Published 30 June 2020

Screening for SARS-CoV-2 carriers: what about saliva tests?

Screening for SARS-CoV-2 carriers: what about saliva tests?

Press release from the French National Academy of Medicine

June 30, 2020

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The decrease in the number of medical consultations for suspected Covid-19 for several weeks, the hospital occupancy rate of resuscitation beds, which recently fell below the symbolic mark of 700 (682 on June 23), and maintaining a R0 coefficient below 1 in most regions, confirm the end of the epidemic outbreak. However, the virus is still circulating and a resurgence is possible within a few weeks to a few months. The current situation in China, India and Portugal calls for vigilance and to give oneself the means to detect any new outbreak as soon as possible.

The current surveillance strategy is based on the detection of new epidemic foci and the search for contact cases, in using RT-PCR tests on nasopharyngeal swabs.

This strategy, which is lagged in time compared to an upsurge of the virus circulation, is effective as long as the number of new outbreaks remains limited.

A complementary approach would be to carry out virological tests on representative samples of the population of each department, in an iterative way.  This would allow the level of virus circulation on the day of sampling to be known and thus to react more quickly.

However, nasopharyngeal swabs have disadvantages: they require dedicated equipment and qualified personnel to perform them properly. They are unpleasant or even painful for the patient, which means that people who do not feel the need may refuse to be tested.

The alternative is saliva or sputum collection, which eliminates the inconvenience of nasopharyngeal sampling.

A review of the literature shows that:

– according to some studies the virus is present in saliva in smaller quantities than in nasopharyngeal swabs, although this concept should be clarified to take into account the protocol differences;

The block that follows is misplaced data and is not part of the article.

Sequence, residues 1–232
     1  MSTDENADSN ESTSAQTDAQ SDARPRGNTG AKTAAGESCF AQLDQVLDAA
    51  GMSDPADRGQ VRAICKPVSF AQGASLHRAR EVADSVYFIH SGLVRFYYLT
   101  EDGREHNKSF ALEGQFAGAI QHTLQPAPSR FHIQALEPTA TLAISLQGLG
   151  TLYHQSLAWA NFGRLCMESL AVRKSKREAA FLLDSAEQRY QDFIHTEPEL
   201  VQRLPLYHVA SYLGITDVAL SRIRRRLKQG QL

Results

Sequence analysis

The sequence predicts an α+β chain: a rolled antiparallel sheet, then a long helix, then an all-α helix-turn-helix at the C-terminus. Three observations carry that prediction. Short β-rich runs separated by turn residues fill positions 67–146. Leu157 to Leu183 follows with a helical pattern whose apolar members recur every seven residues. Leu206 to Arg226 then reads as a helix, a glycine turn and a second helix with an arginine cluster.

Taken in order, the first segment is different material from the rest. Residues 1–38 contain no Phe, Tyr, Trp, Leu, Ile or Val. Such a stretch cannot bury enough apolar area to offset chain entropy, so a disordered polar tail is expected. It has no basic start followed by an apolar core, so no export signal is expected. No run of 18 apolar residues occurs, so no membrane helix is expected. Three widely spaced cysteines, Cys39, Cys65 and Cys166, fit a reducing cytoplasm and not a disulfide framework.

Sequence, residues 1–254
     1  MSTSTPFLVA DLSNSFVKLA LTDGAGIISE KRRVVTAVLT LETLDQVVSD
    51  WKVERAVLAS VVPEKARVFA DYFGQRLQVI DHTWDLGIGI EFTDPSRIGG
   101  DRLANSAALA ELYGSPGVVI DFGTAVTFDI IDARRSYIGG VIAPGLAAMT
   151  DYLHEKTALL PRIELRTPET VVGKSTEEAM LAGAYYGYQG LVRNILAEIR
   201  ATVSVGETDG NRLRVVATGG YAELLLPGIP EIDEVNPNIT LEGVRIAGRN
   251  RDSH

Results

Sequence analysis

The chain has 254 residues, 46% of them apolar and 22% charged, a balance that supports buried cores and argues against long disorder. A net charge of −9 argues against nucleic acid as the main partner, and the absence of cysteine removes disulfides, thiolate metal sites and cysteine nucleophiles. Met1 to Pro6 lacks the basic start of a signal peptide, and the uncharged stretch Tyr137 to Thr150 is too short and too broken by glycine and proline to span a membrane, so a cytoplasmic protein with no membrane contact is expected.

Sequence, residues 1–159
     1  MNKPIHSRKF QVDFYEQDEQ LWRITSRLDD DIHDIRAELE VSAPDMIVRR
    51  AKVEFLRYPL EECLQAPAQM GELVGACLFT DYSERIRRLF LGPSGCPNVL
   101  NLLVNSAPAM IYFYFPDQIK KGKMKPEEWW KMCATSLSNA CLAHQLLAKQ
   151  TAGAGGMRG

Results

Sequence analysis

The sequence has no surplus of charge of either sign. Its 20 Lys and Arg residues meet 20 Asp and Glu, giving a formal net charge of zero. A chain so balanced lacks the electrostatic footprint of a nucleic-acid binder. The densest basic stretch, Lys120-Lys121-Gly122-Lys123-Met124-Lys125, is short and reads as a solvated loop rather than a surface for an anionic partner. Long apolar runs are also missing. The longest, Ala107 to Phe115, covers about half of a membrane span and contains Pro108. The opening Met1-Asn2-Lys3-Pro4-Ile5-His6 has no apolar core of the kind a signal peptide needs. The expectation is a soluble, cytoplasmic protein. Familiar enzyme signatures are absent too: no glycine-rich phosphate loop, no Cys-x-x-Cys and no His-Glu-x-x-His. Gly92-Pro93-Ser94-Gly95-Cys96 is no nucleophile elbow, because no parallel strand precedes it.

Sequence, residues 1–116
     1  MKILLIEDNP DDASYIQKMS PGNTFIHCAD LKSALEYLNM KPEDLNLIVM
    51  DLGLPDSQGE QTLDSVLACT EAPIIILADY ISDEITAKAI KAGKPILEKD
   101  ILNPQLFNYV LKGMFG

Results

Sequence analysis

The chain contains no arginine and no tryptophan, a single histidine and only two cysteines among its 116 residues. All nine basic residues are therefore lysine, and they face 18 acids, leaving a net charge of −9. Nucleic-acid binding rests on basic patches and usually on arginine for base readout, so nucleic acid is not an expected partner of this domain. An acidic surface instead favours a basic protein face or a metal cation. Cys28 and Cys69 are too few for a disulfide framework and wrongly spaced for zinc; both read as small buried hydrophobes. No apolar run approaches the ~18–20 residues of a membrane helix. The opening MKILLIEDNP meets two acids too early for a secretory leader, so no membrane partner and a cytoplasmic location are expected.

– the two sampling methods give concordant results for the majority of positive cases and about 20% of discordant results one way or the other. Several explanations are mentioned, including the difficulties in successfully performing rhino-pharyngeal sampling or time shifted samples.

Nasopharyngeal sampling remains the reference technique for the diagnosis of Covid-19.


However, considering the value of epidemiological studies to monitor the circulation of SARS-CoV-2, in order to respond quickly and well to the threat of a second wave, the National Academy of Medicine recommends :

– to conduct a comparative study of the two sampling methods (rhinopharyngeal versus saliva or sputum) carried out the same day, following a precise protocol for saliva and sputum sampling, and the sample analysis (RNA extraction, RT-qPCR on a single platform), supplemented if possible by a serological test;

– to proceed now with an epidemiological study limited to two departments in the two regions most affected by the epidemic (Île-de-France and Grand-Est);

– based on the preliminary results obtained in these two departments, to model an epidemiological study over the whole territory with a short periodicity to be able to respond immediately to a possible resumption of the epidemic.